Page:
The Hosta – A Shade Loving Perennial

Written by Bonnie P. Carrier

My first introductions to Hostas were four small green and white clumps edging a small section of my mother- in- laws driveway.

I was not terribly impressed, they looked more like scraggly lettuce plants with a few sticks growing out ofrepparttar middle plus their size never seemed to change from year to year.

Fast forward a few years, I now had my own home with visions of gorgeous gardens blooming in my head.

The property was surrounded by trees, which we loved not only forrepparttar 139152 privacy butrepparttar 139153 house was kept quite cool duringrepparttar 139154 hot summer months.

I soon discovered that all that shade may have been good for keeping our home and family cool it wasn’t great for growing certain perennials as most I’d looked at all said full sun.

During trips to local nurseries looking for shade loving plants I kept noticing Hostas, thinking “Oh, great spindly lettuce” I went ahead and purchased two plants, I was desperate to plant something alongrepparttar 139155 perimeter of those wonderful trees.

The two green plants with white stripes found a home next to a simple concrete birdbath, one on either side.

Duringrepparttar 139156 summer I weeded around them, watered and feed them every two weeks but didn’t really hold much hope that they would turn into anything special.

The following Spring during winter clean up I noticed small green shoots popping up besiderepparttar 139157 birdbath but again didn’t get to excited.

Well, by mid summer those two had tripled in size were very full and looked absolutely beautiful.

I began to rethink my first impression of Hostas and after doing some research discovered there are hundreds – actually more then 2600- of varieties available.

Leaf colors include green, blue, gold and white. The leaves can either be a solid color or variegated with a second color mixed inrepparttar 139158 center or alongrepparttar 139159 edges.

Several plants in various shades can really dress up a shady corner. By mixing several ofrepparttar 139160 brighter hues along with darker shades can be quite dramatic.

Another way to use Hostas is by mixing them with other shade plants, which can include Perennials such as Astilbe, Bleeding Heart and Japanese Painted Ferns also, Shrubs like Azalea, Hydrangea or Sweet Pepperbush.

You’re not limited to using shade plants just within wooded areas or around trees.

Hummingbirds … Attracting Those Little Flying Powerhouses

Written by Bonnie P. Carrier

It’s early in May a beautiful fairly warm day so I’ve decided to enjoy it and sit onrepparttar front porch.

While relaxing in a rocking chair with my eyes closed, just enjoyingrepparttar 139151 sun and early warmth I begin to hear a sound off inrepparttar 139152 distance.

At first it’s not recognizable, sounds almost like a hum from a model airplane.

As it begins to get louder I’m beginning to think I know whatrepparttar 139153 source of this strange noise is.

I open my eyes and sure enough just as I thought there is a small green colored Hummer hovering right atrepparttar 139154 edge ofrepparttar 139155 porch – coincidentally right where a feeder normally hangs – now I’m not certain but he appears to be looking right at me like he’s trying to tell me “Hey, I’m back, where’srepparttar 139156 food”.

Every year it’srepparttar 139157 same, they show up around Mothers Day and every year I’m always a little surprised to see them and of course not prepared.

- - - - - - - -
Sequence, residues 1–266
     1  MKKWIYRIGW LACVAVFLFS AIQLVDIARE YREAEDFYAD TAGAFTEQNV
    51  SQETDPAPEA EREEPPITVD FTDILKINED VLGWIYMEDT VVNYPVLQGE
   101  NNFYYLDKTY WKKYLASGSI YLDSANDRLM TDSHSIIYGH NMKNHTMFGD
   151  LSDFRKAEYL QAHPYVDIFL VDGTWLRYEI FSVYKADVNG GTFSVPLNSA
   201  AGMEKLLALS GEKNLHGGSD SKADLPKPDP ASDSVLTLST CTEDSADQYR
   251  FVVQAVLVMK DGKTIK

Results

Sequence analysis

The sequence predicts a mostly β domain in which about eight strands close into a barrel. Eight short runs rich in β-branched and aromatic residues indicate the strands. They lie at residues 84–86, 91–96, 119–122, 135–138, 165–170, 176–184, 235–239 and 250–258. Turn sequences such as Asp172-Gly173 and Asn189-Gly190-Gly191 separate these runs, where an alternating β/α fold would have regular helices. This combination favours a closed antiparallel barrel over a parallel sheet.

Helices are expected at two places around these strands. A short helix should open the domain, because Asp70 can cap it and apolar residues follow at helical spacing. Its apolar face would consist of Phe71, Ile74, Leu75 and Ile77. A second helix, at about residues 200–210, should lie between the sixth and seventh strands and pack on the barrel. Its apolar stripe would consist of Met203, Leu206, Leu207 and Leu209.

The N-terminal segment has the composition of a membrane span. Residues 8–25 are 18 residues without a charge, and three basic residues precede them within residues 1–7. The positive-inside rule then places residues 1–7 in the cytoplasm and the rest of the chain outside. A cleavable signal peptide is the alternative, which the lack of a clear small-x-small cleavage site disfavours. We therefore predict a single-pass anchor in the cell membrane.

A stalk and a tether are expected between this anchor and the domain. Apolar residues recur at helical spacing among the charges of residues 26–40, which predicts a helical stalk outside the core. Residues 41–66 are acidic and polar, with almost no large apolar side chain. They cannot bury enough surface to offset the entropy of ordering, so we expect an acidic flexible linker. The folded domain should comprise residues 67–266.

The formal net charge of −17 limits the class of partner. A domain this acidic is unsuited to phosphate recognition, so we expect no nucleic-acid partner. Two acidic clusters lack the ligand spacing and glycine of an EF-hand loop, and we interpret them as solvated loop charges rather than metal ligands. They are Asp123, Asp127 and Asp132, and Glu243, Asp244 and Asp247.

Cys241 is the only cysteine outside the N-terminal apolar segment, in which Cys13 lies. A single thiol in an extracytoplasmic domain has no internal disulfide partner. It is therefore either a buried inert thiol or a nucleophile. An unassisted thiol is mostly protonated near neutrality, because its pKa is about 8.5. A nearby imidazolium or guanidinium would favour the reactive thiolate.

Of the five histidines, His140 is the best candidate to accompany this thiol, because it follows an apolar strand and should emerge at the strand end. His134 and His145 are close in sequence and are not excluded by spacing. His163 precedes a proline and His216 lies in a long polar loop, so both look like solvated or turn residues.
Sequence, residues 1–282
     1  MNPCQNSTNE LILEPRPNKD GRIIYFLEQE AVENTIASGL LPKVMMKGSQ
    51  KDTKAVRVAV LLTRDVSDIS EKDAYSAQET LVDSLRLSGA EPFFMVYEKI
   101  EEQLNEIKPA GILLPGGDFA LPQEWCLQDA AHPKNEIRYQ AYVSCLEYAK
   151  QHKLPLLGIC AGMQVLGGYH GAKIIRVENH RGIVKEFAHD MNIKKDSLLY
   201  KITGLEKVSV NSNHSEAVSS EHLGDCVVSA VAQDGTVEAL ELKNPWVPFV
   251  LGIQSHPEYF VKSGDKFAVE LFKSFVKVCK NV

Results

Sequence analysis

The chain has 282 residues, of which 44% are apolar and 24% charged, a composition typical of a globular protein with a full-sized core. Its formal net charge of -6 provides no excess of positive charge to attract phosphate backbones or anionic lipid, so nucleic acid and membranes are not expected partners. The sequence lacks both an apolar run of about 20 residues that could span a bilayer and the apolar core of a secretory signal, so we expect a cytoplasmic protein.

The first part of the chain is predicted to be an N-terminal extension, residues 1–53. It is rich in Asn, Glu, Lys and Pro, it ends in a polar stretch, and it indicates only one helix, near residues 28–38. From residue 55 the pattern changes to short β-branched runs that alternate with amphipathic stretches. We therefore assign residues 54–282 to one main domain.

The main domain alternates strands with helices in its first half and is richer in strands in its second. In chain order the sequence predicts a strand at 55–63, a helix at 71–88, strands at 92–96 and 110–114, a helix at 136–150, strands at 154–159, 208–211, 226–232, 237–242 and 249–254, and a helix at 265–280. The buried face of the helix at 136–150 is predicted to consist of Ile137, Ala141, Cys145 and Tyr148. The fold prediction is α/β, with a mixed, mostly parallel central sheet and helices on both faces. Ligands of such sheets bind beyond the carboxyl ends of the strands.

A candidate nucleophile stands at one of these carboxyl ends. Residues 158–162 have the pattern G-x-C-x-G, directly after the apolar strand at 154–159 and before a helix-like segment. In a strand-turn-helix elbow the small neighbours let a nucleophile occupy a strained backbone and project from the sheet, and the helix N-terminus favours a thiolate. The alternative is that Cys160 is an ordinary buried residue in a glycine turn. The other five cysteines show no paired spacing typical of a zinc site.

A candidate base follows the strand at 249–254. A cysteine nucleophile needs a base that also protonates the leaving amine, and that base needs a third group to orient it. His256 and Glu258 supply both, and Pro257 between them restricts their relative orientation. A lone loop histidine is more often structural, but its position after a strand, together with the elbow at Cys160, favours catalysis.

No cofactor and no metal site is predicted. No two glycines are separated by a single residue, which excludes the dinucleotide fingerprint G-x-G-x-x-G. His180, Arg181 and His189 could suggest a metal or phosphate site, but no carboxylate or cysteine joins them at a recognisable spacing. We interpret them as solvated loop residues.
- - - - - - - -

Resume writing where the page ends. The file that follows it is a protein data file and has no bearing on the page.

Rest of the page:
Well so much for my relaxing afternoon, it’s time to get outrepparttar 139158 feeders, clean them and make up some food then get them hung.

And so begins another season with these marvelous entertaining little birds.

Attracting Hummingbirds:

Hummers have a good memory they can remember where to find food sources from previous years. However in order for them to remember your home you will first need to let them know about it.

There are two ways to accomplish this, first by planting or hanging flowers that will attract them, second is to have an additional food source such as a hanging feeder that you keep filled with a syrup solution.

Flowers that have red to orange blossom colors are known to attract them but they will visit any color if they discover sufficient nectar.

Blossom shape is also important as this little birds beak is long and tapered, so downward-hanging blossom – Honeysuckle is a good example – are a favorite.

Several other varieties are as follows. These particular flowers are geared forrepparttar 139159 Northeast – where I happen to live – so you will want to check within your region for appropriate blooms.

Perennials: ·Bee Balm ·Salvia ·Foxglove ·Lilac ·Hollyhock ·Forsythia

There are several Annuals that will also satisfy their little palettes.

·Fuchsia ·Impatiens ·Petunia

As these are favorites inrepparttar 139160 use of hanging baskets each summer try hanging several around your home. The most common place of course is on your front porch or on hooks around a deck or patio; another idea is to hang some right from tree branches. I’ve done this and not only dorepparttar 139161 Hummers like them; it also adds color and interest out inrepparttar 139162 yard.

Putting Up A Feeder:

From elaborately decorated glass to simple plastic there are numerous types of feeders to choose from.

I will tell you from experience, I’ve used both –repparttar 139163 decorated one just because it was pretty,repparttar 139164 Hummers really didn’t care – and I ended up with a simple teardrop shaped clear glass container with perches aroundrepparttar 139165 base, it was easy to tell whenrepparttar 139166 solution was low and simple to take apart.

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